“Pianos weigh a tonne!” Anyone who has tried moving them would share those sentiments. In actuality, the largest concert grand piano will weigh in at about 900 lbs. or about half a tonne. So the smaller piano is much less. Starting at around 300 lbs., a small apartment-size piano can usually be manhandled by one capable person onto a dolly and pushed around. But who can be rightly called capable?
Let me share with you my first encounter with the moving of a piano. I was about 5 years old when my parents thought it would be time to see if we 4 siblings had any musical gifts. So dad found an old Canadian upright piano for $25. The beast was painted white and came in the back door with my dad at the lead and my uncle at the tail. They were repeatedly wiping the sweat, pouring from their faces, as they heaved and pushed. There it sat at the top of a ten foot staircase with the intent of descending to what would be the practice room. Scratching their heads that were no doubt filled with much regret, they asked the two or three other adults present to lend a hand. A rope was then tied around the piano, planks of wood were laid on the stairs and for some reason, my sister’s strap-on roller skates were placed on them…
Remarkably no person or thing was hurt except the roller skates which were crushed into oblivion. So if that is the definition of capable, I guess my father was that. However, I think you’d agree there are better ways to move a piano. One of the most admirable feats I witnessed was that of 2 professional movers, with shoulder straps and back brace belts, carry a 6 foot grand piano up a spiral staircase. Experience and the right equipment and training really do make a difference. Professional piano movers obtain a good percentage of work from regular movers who think a piano can’t be much worse than a couch. After getting stuck in a stairwell or badly damaging walls and/or the piano, they sometimes learn it’s best to let the pros do it. Of course, some communities don’t have any “pros” and have to resort to their own devices.
When I first began restoring pianos, I managed to move them a few times on my own with the help of a friend. However I will never forget the one time when, like my dad, I was faced with moving a heavy old upright piano down a flight of stairs. Like dad, I was on the bottom and my friend was at the top of the stairs. This one weighed-in somewhere around 450-500 lbs. After a slow descent to about the 5th stair, my friend decided he “couldn’t hold on any longer.” So after giving what he thought was fair warning, he let go. With the weight now on me and the stairs, gravity did what it does. I was irresistibly overcome, as if in slow motion, and brought to the bottom. Now stuck between a tilted piano and the drywall of the tight stairwell, I was slowly compressed into the wall and between two 2 by 4s in the frame. I began to feel like a cartoon character who leaves his body’s imprint as he races and breaks out a hole in a wall on some wild chase. My body’s imprint was also being left. My friend had now recovered enough to relieve me of enough of the weight that I could now escape with only a little bruising and some hurt pride.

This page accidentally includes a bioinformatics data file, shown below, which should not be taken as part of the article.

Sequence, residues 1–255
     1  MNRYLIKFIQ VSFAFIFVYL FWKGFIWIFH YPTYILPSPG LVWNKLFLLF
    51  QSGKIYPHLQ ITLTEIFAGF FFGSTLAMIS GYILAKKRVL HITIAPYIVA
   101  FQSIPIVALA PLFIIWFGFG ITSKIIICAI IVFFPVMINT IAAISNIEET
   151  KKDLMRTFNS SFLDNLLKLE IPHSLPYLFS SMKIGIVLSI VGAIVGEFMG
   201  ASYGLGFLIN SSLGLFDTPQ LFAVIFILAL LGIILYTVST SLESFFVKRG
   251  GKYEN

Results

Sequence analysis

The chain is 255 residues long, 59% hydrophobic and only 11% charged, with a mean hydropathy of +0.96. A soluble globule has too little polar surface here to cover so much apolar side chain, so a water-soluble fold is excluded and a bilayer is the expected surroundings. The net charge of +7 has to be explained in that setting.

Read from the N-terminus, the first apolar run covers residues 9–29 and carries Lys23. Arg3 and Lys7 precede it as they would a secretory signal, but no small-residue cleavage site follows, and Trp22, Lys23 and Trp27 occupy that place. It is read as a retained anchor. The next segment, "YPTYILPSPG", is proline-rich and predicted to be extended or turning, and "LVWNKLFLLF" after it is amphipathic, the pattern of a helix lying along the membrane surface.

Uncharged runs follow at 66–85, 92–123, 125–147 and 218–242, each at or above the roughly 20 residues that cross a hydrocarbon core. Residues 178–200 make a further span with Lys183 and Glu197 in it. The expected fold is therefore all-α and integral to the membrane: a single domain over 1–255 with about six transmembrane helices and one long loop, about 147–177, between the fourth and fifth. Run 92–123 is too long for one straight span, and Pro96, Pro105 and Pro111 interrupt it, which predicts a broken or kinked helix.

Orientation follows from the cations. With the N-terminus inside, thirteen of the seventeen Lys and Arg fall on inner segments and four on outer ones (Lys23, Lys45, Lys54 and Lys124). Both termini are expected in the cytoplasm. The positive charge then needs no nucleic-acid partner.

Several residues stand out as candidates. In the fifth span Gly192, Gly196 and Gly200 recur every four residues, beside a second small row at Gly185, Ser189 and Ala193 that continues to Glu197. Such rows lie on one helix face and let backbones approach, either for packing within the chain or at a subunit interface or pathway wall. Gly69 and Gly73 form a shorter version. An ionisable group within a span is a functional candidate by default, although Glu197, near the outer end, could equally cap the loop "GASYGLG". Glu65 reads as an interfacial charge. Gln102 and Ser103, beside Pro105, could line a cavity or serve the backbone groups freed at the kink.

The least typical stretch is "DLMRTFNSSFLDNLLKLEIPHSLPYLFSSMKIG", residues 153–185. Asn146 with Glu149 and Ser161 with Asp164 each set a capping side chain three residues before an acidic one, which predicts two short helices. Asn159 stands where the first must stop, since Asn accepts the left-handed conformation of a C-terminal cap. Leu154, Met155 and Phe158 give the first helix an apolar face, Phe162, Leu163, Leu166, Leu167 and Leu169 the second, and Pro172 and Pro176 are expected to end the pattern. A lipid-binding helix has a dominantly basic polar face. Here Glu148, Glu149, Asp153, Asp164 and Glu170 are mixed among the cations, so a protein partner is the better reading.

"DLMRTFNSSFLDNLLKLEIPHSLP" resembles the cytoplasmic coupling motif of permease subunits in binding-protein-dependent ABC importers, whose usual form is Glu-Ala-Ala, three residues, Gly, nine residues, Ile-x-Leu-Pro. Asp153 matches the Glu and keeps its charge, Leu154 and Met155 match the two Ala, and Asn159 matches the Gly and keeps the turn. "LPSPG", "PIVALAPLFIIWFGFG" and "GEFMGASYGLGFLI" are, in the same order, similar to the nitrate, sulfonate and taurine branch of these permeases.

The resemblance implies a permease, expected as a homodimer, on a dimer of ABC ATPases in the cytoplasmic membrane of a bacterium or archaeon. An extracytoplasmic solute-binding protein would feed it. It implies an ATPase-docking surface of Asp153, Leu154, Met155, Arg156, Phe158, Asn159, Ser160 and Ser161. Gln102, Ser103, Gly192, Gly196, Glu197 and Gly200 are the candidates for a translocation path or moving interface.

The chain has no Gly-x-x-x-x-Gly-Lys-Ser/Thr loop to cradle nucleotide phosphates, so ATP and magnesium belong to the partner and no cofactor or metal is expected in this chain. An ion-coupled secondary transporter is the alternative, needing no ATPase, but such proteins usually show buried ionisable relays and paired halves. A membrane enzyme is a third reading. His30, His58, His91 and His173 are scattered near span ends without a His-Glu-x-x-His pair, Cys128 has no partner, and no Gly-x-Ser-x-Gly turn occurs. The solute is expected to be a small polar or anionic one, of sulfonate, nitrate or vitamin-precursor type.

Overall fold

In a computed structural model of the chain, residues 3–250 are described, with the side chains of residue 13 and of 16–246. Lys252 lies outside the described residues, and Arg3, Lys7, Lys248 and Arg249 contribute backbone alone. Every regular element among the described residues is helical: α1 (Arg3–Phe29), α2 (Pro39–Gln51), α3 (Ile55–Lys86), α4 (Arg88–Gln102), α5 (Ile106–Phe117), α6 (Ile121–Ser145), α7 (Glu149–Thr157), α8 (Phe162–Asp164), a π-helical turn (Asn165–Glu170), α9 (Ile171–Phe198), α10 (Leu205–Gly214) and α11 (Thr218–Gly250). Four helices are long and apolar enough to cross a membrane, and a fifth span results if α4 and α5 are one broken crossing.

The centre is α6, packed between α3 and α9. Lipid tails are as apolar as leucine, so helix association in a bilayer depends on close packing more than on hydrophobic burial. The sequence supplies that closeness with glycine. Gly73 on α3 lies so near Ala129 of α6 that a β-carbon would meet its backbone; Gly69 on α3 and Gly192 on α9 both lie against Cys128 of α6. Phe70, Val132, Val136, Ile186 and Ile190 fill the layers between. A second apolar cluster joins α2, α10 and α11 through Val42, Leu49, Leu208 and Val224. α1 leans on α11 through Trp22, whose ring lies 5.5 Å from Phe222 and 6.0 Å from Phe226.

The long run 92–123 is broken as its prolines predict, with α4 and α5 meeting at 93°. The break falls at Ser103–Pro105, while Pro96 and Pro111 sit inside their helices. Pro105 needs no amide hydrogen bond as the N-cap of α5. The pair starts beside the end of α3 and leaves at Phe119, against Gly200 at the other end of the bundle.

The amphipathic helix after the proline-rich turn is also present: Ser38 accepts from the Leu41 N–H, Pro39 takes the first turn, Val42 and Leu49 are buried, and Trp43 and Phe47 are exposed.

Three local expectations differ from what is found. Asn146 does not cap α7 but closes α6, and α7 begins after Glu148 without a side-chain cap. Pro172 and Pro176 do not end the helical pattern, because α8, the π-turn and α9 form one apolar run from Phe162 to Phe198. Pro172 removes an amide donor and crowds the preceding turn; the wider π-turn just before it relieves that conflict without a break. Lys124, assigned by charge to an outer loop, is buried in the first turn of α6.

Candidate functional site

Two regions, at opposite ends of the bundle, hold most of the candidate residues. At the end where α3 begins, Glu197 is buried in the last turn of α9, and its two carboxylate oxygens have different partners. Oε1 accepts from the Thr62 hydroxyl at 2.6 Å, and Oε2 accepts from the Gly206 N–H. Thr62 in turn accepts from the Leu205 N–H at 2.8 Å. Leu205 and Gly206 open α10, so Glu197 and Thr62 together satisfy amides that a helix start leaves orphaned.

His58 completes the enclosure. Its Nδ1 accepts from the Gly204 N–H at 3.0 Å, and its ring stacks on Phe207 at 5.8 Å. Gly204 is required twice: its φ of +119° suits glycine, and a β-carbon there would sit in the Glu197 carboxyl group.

After pleading for forgiveness from the homeowner, I was reassured that he was a drywall installer by trade and not to worry because he would look after it. Providential as that was, I still had a dilemma – what to do with this tricky piano? I called the pros who within an hour, and for a very reasonable price, tilted the piano on end, spun it in the stairwell and had it out the door, on the truck and delivered to its destination. Lesson learned.
I will periodically move pianos still but usually just around the shop or helping out some naive friend in need of some semi-experienced help. However, I humbly bow in gratitude and admiration to the regular Joes who carry on in the not-so-regular workforce of the professional piano movers. Wisdom will hopefully encourage you to do the same.